I wrote three more articles recently for Sequart. The first one delves into why Pretty in Pink still resonates with audiences thirty years after its release. The second looks at life lessons from the ridiculously underrated Michael Keaton flick The Paper. The third is my exploration of the key themes in Stephen King's novel The Shining and how Stanley Kubrick took the film in some other directions.
I wrote about The Shining after finishing the book a week or so ago. I've read plenty of King's books over the years but had avoided that one due to my immense respect and love for Kubrick's film. I always thought that King's book couldn't compare—even though it's the source material and that's a fairly backwards way to look at this. Silly me. The book is definitely one of King's best, at least that I've read (my favorites remain Salem's Lot, The Stand, and all of the Dark Tower books). It was a trip reading this book after becoming a parent, too. It's really all about the dark underside of families and how even parents with the best intentions can feel frustration in their weakest moments. Hopefully not to the level of, you know, chasing your kid through a haunted hotel with an ax (in the movie) or a mallet (in the book). That's just unseemly.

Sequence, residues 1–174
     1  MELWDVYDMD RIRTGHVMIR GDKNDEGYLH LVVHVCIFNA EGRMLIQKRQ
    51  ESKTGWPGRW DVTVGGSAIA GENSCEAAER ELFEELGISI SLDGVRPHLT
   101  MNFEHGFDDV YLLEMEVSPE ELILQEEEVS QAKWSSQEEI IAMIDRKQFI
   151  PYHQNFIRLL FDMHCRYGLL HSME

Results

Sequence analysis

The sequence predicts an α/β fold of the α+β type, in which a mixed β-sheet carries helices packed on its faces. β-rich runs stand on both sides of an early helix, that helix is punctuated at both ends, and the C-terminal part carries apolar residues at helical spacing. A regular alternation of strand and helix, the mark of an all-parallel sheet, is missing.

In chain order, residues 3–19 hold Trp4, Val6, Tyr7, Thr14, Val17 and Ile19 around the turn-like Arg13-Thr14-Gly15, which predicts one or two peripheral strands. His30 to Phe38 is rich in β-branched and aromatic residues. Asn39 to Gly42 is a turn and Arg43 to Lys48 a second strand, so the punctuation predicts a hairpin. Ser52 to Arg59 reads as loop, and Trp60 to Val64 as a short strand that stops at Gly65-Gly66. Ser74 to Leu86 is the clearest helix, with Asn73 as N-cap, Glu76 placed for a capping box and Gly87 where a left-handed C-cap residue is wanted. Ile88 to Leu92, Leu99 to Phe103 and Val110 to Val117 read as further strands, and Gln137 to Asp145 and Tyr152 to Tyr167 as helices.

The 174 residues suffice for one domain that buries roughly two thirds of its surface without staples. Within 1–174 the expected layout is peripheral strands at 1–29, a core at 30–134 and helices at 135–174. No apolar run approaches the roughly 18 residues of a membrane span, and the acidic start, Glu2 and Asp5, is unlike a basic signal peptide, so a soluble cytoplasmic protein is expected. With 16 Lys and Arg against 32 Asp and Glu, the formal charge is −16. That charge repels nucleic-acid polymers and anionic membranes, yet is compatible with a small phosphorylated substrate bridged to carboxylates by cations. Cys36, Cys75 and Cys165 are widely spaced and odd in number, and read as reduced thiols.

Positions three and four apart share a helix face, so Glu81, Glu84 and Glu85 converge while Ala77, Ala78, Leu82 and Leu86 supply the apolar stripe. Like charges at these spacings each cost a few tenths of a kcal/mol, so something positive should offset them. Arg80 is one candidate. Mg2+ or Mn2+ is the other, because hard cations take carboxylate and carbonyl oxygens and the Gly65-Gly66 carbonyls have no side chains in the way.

Great book, great movie. Happy to have read it finally. Now I've moved on to reading Garth Ennis's Preacher and my goal is to burn through the entire run of the series (thank you, public library for having them all!) before the AMC show starring Dominic Cooper starts this spring. We'll see how that goes. Maybe I'll even write about it.